Mediated girlhoods in an age of religious pluralism: A blended ethnography among teen girls in Germany and the Netherlands
Promotionsprojekt von Rebecca L. Anne-Davis
.This project explores how religious pluralism is lived as a teen girl in a Western European context while taking into consideration the elevated role of social media within adolescents’ daily lives. I delve into how female identifying students aged 14-15 from international high schools in Germany and the Netherlands navigate and self-regulate concepts of religious pluralism and secularism in their online and offline lives. Rather than immediately focusing on one specific faith background, this project is constructed in such a way that allows for occurring faith practices among the girls to take precedence. This project contributes to ongoing inter- and trans-disciplinary conversations around religious youth, religious pluralism, secularism, self-regulation, religious morality, digital religious practices, internationalization of religion, and how gender touches all of these concepts.
This project focuses on teen girls’ encounters with other religious and moral worldviews as held within the secular containers of an international high school and social media platforms. During adolescence, youth are in constant potential contact with differing religious and cultural worldviews, both online and offline, that often don’t reflect their understanding of moral behavior (c.f. Ziebertz & Riegel 2008). It is my intention to work with the girls and explore how they experience this pluralism, how they self-regulate, and how they make meaning within these constellations.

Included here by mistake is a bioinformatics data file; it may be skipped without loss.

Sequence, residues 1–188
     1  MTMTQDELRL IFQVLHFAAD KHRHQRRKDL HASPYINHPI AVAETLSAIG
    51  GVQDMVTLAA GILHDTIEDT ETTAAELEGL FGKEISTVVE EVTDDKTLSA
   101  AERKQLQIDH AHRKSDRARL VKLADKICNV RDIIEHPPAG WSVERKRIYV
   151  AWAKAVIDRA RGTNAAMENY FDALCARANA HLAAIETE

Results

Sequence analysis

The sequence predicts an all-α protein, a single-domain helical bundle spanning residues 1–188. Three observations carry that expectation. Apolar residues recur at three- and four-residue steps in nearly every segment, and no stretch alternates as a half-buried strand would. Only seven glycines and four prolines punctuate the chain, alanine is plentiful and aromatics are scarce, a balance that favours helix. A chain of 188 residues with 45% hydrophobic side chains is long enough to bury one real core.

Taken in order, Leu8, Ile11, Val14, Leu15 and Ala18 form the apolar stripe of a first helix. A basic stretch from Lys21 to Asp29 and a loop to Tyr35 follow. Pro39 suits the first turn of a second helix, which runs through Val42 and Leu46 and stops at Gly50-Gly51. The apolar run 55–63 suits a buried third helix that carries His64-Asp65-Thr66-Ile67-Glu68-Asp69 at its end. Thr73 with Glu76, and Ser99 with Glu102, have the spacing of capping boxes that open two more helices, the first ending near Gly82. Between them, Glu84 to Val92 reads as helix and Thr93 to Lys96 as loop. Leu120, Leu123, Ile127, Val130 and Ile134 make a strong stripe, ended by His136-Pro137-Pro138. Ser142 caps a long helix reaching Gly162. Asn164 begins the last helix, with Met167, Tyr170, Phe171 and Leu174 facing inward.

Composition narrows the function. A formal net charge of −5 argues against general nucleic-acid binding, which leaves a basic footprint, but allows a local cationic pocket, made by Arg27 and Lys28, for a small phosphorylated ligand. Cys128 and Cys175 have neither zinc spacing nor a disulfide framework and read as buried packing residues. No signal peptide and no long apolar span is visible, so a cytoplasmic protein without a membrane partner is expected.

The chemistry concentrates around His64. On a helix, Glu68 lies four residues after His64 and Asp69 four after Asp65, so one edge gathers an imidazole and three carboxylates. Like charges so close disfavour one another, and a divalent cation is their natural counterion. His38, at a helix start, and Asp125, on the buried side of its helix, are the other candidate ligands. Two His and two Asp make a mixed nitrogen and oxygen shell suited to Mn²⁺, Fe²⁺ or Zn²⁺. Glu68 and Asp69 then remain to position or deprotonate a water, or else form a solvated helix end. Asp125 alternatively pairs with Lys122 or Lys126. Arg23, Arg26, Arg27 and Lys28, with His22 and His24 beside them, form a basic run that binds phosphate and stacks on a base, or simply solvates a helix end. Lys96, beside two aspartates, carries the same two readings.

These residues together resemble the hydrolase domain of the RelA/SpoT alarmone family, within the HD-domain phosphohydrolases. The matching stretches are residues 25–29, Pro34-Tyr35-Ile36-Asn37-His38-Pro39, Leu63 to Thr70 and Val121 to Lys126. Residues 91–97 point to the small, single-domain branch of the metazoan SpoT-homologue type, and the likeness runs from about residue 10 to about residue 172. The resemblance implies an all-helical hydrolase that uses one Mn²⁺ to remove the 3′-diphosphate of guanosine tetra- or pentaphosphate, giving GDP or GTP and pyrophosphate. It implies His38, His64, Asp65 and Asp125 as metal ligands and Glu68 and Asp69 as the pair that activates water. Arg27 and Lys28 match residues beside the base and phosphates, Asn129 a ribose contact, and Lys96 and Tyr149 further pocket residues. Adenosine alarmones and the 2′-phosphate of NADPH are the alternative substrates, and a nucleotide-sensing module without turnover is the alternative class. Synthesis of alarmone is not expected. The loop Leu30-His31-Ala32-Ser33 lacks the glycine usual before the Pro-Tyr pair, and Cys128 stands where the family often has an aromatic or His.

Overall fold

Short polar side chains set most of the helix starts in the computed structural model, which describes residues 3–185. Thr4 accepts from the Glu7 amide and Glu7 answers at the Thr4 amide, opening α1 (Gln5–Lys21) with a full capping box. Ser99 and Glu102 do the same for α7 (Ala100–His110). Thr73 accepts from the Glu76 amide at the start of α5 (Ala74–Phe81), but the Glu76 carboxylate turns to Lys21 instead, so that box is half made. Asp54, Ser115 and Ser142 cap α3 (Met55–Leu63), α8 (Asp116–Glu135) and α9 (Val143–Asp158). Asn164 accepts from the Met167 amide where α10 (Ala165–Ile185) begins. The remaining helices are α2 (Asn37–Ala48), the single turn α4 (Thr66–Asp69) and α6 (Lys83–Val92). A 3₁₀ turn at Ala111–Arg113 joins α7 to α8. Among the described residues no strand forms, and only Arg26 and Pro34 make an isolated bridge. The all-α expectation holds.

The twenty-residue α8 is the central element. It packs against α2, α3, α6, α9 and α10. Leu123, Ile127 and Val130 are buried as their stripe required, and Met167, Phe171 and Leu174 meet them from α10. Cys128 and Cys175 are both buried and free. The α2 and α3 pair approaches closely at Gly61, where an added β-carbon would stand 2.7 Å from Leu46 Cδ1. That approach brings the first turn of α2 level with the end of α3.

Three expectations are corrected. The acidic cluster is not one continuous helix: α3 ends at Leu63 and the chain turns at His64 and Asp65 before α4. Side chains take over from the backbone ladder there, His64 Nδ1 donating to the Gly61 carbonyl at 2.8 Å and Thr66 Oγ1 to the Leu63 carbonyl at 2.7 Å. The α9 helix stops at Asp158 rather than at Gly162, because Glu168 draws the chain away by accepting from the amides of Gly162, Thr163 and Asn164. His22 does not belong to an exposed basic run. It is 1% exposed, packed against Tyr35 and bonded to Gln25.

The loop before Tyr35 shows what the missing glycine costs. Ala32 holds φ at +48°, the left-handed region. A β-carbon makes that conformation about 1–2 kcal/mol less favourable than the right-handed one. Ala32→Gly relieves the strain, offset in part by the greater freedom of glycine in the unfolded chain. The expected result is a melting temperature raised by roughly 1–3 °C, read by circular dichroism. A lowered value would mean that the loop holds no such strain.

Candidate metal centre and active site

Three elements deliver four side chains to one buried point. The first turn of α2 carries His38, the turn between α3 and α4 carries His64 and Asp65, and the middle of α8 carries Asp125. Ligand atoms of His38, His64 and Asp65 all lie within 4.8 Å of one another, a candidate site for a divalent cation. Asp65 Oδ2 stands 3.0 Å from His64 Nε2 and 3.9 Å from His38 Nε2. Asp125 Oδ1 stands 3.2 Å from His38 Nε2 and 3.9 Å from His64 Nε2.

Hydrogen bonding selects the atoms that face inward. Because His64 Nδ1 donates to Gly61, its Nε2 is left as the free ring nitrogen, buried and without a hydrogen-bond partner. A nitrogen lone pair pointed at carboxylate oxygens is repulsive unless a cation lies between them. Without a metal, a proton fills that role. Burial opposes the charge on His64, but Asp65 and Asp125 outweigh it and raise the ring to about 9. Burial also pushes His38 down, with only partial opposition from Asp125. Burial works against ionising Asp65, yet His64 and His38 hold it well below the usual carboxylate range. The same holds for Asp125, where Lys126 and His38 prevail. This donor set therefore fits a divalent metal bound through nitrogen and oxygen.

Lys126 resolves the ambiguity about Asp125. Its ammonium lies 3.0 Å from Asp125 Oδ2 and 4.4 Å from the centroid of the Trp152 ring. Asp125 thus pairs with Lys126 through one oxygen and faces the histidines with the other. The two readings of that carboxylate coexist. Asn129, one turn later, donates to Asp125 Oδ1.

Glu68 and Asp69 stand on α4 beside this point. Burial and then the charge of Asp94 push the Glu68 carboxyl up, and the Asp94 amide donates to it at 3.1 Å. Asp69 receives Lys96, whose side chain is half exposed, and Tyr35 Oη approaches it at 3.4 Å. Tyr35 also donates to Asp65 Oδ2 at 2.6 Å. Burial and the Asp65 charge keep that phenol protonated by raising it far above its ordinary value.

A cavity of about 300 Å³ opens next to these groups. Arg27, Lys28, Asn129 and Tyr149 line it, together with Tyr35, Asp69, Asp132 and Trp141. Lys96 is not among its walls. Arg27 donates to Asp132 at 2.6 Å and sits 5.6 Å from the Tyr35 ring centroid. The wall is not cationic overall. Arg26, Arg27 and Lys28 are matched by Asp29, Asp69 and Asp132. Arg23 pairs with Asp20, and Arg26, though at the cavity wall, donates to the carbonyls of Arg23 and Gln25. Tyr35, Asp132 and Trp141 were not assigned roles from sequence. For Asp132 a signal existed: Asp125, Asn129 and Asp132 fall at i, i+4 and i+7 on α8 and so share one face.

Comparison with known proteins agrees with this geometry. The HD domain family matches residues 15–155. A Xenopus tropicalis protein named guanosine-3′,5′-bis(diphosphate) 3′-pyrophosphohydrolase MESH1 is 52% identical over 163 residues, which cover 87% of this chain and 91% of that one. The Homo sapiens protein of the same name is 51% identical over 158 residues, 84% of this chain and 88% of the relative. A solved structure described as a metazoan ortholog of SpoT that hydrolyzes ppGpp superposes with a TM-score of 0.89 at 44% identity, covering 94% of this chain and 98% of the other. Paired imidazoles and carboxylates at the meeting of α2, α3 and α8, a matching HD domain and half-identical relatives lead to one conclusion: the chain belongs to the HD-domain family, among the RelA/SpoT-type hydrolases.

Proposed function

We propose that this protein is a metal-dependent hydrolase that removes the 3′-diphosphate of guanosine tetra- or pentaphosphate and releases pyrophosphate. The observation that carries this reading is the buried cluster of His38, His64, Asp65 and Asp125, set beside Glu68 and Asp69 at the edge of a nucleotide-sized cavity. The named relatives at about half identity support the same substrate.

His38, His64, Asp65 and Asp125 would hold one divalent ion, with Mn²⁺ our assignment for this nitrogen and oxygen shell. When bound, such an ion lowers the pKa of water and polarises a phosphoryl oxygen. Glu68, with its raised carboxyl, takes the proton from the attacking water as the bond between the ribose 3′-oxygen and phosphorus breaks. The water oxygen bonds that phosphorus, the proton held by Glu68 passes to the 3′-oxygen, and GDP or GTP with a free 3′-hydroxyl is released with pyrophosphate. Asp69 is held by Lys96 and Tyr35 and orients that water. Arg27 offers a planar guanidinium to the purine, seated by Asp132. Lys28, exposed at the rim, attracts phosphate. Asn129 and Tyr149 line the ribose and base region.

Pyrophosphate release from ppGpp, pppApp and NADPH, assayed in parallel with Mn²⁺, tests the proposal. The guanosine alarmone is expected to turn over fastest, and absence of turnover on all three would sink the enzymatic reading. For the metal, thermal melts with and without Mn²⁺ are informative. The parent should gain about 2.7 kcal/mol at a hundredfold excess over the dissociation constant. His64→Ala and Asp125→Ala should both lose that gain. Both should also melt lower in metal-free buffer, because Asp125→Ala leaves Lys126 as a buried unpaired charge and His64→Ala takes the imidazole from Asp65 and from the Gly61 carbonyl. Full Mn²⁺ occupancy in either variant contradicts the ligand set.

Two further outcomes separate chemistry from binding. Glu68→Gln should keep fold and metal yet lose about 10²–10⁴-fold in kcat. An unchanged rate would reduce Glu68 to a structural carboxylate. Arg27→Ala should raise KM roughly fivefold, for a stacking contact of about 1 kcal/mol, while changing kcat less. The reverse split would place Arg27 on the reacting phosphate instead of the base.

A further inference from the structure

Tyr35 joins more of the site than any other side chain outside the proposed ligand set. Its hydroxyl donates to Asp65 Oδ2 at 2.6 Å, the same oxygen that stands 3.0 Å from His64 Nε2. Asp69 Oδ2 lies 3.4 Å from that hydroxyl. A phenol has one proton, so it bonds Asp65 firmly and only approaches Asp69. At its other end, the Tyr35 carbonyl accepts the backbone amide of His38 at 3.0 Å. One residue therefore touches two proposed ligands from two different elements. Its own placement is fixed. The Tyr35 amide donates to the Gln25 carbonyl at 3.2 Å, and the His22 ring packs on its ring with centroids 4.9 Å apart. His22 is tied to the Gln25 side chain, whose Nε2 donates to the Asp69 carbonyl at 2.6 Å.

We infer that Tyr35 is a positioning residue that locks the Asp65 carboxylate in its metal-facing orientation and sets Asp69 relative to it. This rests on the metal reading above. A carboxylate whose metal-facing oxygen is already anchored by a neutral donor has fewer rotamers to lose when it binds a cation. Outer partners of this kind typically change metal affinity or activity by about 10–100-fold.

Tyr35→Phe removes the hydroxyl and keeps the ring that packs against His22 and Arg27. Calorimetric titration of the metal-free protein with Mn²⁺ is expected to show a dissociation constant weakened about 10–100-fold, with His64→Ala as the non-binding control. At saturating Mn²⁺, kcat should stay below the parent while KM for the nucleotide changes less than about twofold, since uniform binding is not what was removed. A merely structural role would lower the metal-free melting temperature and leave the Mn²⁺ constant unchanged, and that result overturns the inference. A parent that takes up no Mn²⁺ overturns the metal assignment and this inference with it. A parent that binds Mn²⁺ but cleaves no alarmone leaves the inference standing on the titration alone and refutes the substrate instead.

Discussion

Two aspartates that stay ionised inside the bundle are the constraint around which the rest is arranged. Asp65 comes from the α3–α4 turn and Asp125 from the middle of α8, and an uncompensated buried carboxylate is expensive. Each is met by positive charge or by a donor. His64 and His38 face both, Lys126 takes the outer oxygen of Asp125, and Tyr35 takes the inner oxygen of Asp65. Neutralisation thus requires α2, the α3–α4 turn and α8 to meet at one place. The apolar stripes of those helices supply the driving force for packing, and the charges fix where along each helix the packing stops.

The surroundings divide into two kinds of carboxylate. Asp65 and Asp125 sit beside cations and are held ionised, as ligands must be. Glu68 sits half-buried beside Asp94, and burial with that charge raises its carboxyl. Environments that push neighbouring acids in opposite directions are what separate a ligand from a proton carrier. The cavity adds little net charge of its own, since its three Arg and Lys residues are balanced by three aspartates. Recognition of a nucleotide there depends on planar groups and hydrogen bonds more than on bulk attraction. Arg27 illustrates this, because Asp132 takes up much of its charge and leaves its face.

Therefore, I ask: How do these female youth go about their religious upbringing and how do they position themselves under the following conditions: family background, religious involvement, social media participation, and integration in a ‘secular’ container of an international high school with relatively high religious diversity? How do relationships and interactions both online and offline in their respective spiritual environment on the one hand, and with peers with different spiritual proclivities on the other hand, influence the processes of their moral and spiritual development? In what ways are they self-regulating their faith experiences as well as interactions with people of various faith backgrounds? In what ways do they experience regulation and mediation of their own faith experience within a ‘secular’ society?
These questions will be explored through ethnographic fieldwork and participant observation first through mixed-gender focus groups at two international schools and then ethnographies with individual girls. International schools have a high probability for religious diversity and have thus been selected as an ideal setting for researching religious plurality. There will be one group from the Rhein-Main area in Germany and one in the province of Groningen in the Netherlands. These localities have been chosen due to their relatively high levels of religious diversity and will be contrasted.
This study finds itself at the intersection of sociology, anthropology, digital media, and girlhood studies. It pulls from theories of religious pluralism, secularization, internationalization, religious authority, morality, agency, self-surveillance and regulation, as well as gender identity. This project is based upon feminist and ethnographic research methodologies. Feminist methodologies highlight the importance of reflexivity and recognizes that there is no such thing as pure objectivity within design or analysis (c.f. Emond 2005; Warren 2000). Understanding this, I work with awareness for my own influence, privilege, and authority in order to immerse myself in the world of the participants in order to construct a storied reality (Madden 2006).